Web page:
A while back, we conducted a couple of contests to increase our Facebook fans. The first time, we gave away one of Loren’s pieces of jewelry she made. The second time, we gave away a subscription to an online business publication.
The contests failed. We didn’t see a spike in Facebook fans. We haven’t conducted a contest since.
Did we give away items people didn’t care about? Did we give up too soon? The answers really don’t matter to us. Yes, we realize we might add hundreds if not thousands of fans in a week if a contest gave away free Super Bowl tickets. After the contest, we would display an impressive number of fans but a large percentage of them wouldn’t be so-called brand ambassadors. They wouldn’t pay close attention to what we have to say. Maybe a few of our hypothetical Super Bowl fans would wander to our website and convert into customers. In reality, our Facebook page would be full of unauthentic fat … unless you believe a fat Facebook number alone impresses people so much, they can’t help but hand over money.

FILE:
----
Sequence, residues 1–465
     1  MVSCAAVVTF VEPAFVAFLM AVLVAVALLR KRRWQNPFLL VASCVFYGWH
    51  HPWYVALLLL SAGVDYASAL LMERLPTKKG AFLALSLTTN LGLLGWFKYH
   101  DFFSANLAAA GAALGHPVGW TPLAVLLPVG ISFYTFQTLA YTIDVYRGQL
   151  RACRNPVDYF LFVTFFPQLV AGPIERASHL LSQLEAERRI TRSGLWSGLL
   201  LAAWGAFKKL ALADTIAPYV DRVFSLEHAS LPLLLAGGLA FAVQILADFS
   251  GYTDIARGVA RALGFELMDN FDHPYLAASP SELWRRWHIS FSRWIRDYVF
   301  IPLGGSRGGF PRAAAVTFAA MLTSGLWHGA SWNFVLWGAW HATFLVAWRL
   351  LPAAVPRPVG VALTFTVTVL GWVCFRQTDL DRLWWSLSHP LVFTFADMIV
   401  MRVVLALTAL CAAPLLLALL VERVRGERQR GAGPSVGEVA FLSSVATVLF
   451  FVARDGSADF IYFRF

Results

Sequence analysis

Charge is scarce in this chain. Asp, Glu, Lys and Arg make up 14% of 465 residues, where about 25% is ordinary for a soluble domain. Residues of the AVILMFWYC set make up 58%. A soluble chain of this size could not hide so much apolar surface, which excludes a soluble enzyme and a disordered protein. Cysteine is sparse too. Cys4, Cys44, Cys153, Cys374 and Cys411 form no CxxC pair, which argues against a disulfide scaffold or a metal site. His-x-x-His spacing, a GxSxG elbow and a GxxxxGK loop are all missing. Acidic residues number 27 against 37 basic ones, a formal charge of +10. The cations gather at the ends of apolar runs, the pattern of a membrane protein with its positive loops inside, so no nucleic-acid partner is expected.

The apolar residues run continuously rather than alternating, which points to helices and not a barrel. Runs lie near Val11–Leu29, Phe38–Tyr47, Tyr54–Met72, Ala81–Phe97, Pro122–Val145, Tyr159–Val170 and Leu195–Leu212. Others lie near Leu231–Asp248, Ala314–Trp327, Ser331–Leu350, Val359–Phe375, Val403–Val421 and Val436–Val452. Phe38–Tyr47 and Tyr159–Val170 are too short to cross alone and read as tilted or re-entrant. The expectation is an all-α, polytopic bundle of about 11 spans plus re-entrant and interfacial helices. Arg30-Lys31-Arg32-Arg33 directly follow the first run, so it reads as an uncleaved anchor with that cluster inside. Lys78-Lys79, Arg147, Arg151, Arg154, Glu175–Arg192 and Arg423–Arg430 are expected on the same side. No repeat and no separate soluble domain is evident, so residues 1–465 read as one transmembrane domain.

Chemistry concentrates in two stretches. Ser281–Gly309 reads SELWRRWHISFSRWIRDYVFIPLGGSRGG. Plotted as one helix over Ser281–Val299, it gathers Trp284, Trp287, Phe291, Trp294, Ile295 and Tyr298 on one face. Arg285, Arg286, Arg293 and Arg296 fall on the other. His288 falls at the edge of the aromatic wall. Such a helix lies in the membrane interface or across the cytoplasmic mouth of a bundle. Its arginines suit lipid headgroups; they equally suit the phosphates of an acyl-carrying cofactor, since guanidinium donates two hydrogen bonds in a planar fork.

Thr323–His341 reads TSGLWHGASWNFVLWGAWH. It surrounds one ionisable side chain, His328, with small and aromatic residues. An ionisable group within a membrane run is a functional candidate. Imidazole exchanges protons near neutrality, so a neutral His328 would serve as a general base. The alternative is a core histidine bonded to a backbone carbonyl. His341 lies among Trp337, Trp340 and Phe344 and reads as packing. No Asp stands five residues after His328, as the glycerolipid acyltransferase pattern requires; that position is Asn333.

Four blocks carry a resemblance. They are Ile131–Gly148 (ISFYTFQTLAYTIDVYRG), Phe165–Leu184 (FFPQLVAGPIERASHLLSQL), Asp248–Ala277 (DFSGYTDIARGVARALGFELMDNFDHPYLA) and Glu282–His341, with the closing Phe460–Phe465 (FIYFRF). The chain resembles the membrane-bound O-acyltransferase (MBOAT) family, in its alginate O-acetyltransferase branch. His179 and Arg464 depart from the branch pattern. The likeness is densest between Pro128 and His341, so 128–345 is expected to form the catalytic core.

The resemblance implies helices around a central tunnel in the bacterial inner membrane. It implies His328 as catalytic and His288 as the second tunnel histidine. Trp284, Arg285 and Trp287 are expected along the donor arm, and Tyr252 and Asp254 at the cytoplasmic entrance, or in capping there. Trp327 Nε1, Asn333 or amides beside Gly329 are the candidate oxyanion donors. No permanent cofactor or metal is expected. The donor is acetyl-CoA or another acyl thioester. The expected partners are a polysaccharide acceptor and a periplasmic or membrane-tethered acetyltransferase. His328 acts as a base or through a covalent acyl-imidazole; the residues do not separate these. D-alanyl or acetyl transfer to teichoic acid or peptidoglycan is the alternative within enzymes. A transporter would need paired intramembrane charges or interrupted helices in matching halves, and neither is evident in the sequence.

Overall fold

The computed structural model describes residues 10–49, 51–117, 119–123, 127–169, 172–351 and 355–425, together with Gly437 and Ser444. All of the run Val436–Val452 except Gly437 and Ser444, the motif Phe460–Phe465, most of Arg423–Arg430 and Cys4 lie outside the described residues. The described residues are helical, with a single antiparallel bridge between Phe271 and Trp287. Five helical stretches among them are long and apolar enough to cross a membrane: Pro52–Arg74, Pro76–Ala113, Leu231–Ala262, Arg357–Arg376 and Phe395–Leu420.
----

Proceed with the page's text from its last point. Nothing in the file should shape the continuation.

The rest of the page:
When I wrote this blog, The Flip Side’s Facebook page included 129 fans. I also have a separate fan page I started while reporting on TV with 217 fans. That’s a small fraction compared to some companies. On The Flip Side, we have more fans than some bigger organizations that debuted years before we did.
Here’s our bottom line: We read a lot of good content, some over and over from the same source, and for whatever reason haven’t “liked” their Facebook pages. So when someone actually takes a moment to click that thumb icon without the promise of a prize, we assume we earned that “like” a little bit more than if we had offered to give away expensive shoes or a trip to the beach.
So if you worry the size of your numbers doesn’t measure up, appreciate your current club, which just might be your true brand ambassadors (unless of course your relatives have joined forces to expand your numbers).
You can win fans many flawed ways. But the most legitimate strategy, and the one that probably converts people into customers, is providing good content and not contests. It may not be quick and easy, but it’s real.
If you provide good content, they will come … eventually.